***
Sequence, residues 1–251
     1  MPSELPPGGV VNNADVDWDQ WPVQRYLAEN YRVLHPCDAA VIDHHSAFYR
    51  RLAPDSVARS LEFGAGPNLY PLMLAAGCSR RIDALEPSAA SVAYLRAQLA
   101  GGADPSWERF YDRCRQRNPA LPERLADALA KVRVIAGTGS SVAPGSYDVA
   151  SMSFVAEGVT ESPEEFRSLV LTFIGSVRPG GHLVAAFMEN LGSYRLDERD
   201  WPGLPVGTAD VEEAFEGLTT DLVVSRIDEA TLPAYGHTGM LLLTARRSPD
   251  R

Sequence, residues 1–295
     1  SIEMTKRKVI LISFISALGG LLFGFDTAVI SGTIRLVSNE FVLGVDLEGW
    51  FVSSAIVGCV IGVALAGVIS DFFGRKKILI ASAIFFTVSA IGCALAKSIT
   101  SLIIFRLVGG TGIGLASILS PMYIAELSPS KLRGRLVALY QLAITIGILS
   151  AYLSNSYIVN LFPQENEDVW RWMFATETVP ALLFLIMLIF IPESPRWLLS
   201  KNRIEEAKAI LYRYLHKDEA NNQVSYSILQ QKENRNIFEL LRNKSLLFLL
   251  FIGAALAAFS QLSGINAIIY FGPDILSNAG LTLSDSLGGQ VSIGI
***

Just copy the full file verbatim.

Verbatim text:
Sequence, residues 1–251
     1  MPSELPPGGV VNNADVDWDQ WPVQRYLAEN YRVLHPCDAA VIDHHSAFYR
    51  RLAPDSVARS LEFGAGPNLY PLMLAAGCSR RIDALEPSAA SVAYLRAQLA
   101  GGADPSWERF YDRCRQRNPA LPERLADALA KVRVIAGTGS SVAPGSYDVA
   151  SMSFVAEGVT ESPEEFRSLV LTFIGSVRPG GHLVAAFMEN LGSYRLDERD
   201  WPGLPVGTAD VEEAFEGLTT DLVVSRIDEA TLPAYGHTGM LLLTARRSPD
   251  R

Sequence, residues 1–295
     1  SIEMTKRKVI LISFISALGG LLFGFDTAVI SGTIRLVSNE FVLGVDLEGW
    51  FVSSAIVGCV IGVALAGVIS DFFGRKKILI ASAIFFTVSA IGCALAKSIT
   101  SLIIFRLVGG TGIGLASILS PMYIAELSPS KLRGRLVALY QLAITIGILS
   151  AYLSNSYIVN LFPQENEDVW RWMFATETVP ALLFLIMLIF IPESPRWLLS
   201  KNRIEEAKAI LYRYLHKDEA NNQVSYSILQ QKENRNIFEL LRNKSLLFLL
   251  FIGAALAAFS QLSGINAIIY FGPDILSNAG LTLSDSLGGQ VSIGI